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  • A phenomenal growth of both customs and excise revenue has made such expenditures easy.
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  • £580,000), derived mainly from the Aden Port Trust Fund (£34,000), Aden Settlement Fund (£28,000), Local Supply Bills (£257,000), imperial and municipal receipts (£215,700), Post Office (£34,000), excise, customs and income tax.
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  • excise.
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  • From 1712 to 1853 an excise duty ranging from id.
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  • Of the revenue, about 64% is derived from customs and excise; 9% from property, road, military, slaughter and salt taxes; 1.7% from the gunpowder monopoly; and the remainder from various taxes, stamps, government lands, and postal and telegraph services.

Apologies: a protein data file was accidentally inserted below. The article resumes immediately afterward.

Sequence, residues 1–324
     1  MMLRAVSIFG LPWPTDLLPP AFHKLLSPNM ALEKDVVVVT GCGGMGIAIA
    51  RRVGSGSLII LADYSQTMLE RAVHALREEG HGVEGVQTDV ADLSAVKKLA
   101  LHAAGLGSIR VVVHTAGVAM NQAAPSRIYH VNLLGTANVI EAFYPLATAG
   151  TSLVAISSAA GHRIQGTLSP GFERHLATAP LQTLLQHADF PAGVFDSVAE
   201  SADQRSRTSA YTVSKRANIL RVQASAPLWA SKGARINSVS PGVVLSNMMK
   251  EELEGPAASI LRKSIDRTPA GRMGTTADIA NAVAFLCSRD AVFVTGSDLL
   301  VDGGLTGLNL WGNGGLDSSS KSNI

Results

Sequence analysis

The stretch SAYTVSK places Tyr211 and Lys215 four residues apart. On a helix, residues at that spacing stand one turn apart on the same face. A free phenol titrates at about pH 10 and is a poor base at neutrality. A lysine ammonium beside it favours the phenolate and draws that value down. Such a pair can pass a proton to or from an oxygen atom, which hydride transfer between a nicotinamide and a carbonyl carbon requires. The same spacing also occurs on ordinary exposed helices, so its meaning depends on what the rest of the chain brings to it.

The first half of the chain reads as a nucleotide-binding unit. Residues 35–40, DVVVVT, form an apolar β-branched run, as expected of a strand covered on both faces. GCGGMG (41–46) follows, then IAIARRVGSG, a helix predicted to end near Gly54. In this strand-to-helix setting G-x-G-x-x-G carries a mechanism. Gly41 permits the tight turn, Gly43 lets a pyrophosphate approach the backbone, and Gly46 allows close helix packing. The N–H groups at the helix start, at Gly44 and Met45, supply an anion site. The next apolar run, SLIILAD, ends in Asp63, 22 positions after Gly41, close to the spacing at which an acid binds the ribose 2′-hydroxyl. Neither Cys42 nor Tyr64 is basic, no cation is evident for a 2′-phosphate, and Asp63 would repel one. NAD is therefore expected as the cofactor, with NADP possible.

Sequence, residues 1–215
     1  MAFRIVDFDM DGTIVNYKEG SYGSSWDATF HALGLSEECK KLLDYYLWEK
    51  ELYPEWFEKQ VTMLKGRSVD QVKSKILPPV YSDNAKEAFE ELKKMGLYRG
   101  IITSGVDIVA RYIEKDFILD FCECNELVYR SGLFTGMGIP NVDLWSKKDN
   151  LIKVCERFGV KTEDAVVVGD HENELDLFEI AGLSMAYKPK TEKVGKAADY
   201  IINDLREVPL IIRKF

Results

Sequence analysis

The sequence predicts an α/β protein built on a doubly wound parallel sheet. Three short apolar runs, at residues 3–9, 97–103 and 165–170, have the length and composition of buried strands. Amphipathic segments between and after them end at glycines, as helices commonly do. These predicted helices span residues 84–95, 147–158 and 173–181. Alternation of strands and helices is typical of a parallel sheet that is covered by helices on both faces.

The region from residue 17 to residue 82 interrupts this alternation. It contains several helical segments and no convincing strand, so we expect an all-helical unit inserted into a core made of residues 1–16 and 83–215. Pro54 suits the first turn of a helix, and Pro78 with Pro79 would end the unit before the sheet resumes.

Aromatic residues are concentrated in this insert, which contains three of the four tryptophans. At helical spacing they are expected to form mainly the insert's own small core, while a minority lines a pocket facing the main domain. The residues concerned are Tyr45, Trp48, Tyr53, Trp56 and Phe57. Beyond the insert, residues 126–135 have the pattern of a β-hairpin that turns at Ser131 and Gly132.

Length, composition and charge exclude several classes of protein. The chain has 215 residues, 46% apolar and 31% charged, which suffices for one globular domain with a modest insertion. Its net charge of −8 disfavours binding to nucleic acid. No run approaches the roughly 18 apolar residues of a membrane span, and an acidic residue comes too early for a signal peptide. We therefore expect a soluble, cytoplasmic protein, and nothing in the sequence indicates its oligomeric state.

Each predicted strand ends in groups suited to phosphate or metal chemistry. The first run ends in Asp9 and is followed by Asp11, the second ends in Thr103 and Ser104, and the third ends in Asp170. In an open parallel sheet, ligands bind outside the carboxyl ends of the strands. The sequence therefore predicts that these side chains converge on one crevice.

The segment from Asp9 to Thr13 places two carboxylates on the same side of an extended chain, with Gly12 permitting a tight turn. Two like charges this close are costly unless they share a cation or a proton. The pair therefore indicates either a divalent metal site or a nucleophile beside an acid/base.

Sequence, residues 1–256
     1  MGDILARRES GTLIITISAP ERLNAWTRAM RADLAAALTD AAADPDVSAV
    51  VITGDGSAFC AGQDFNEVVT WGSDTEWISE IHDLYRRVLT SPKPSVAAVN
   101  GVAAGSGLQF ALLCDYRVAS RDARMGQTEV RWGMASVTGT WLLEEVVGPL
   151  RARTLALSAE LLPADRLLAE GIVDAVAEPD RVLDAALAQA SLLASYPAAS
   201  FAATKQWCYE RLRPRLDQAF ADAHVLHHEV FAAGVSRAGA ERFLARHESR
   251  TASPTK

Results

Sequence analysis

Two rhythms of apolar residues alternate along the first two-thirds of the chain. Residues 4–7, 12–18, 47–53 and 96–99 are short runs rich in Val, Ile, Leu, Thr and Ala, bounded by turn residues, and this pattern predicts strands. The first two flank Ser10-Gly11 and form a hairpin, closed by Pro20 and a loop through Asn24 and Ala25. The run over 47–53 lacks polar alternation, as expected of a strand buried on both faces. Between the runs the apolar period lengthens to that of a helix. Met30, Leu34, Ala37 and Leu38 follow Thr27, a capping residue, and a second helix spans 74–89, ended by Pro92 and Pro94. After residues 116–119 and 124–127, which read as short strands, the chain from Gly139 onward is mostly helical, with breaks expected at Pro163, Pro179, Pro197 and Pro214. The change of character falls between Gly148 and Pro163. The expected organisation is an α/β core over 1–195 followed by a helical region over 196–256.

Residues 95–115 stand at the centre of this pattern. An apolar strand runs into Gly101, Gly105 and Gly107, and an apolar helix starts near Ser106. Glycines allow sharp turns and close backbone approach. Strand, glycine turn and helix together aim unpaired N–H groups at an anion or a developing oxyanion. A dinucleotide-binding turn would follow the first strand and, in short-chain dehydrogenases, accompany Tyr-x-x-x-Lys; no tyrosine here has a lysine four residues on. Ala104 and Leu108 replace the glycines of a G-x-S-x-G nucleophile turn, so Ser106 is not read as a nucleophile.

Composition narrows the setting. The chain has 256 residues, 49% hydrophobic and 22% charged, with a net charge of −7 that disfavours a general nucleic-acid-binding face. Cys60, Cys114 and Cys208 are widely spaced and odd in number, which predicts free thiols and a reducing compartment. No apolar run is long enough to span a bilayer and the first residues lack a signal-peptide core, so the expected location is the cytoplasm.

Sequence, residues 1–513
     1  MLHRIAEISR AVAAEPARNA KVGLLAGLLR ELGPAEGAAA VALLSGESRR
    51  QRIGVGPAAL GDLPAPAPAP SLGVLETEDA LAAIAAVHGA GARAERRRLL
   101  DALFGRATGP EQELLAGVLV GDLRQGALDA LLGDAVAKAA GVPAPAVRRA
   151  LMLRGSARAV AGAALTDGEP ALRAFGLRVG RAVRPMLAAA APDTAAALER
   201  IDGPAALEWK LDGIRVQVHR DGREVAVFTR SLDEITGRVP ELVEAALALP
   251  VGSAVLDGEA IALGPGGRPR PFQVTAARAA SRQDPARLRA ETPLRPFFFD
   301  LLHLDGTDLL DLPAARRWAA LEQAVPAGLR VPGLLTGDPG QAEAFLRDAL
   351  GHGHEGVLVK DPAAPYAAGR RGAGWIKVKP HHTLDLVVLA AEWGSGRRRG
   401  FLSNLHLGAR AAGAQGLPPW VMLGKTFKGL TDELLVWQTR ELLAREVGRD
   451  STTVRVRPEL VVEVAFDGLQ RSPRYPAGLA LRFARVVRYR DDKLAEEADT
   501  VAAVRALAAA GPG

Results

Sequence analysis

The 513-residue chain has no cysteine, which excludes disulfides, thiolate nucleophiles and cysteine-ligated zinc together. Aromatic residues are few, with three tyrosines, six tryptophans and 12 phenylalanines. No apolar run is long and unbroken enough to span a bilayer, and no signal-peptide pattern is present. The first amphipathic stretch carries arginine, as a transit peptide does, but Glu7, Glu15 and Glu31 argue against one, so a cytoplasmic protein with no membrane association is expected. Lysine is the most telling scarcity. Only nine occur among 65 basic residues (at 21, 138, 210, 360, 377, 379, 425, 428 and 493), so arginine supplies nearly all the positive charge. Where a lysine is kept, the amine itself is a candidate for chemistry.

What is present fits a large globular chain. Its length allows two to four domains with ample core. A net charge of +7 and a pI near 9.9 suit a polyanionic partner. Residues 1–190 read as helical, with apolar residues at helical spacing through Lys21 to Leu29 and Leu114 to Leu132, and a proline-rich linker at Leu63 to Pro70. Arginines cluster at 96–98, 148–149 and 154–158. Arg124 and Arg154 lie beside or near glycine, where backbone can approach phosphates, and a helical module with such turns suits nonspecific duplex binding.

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  • Clarke's hydrometer, however, remained the standard instrument for excise purposes from 1787 until it was displaced by that of Sikes.
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  • Including the total receipts derived from the customs, the Commonwealth revenue, during the year 1906, was made up as follows: Customs and excise £8,999,485 Posts, telegraphs, &c..
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  • Within two years uniform customs duties were to be imposed; thereafter the parliament of the Commonwealth had exclusive power to impose customs and excise duties, or to grant bounties; and trade within the Commonwealth was to be absolutely free.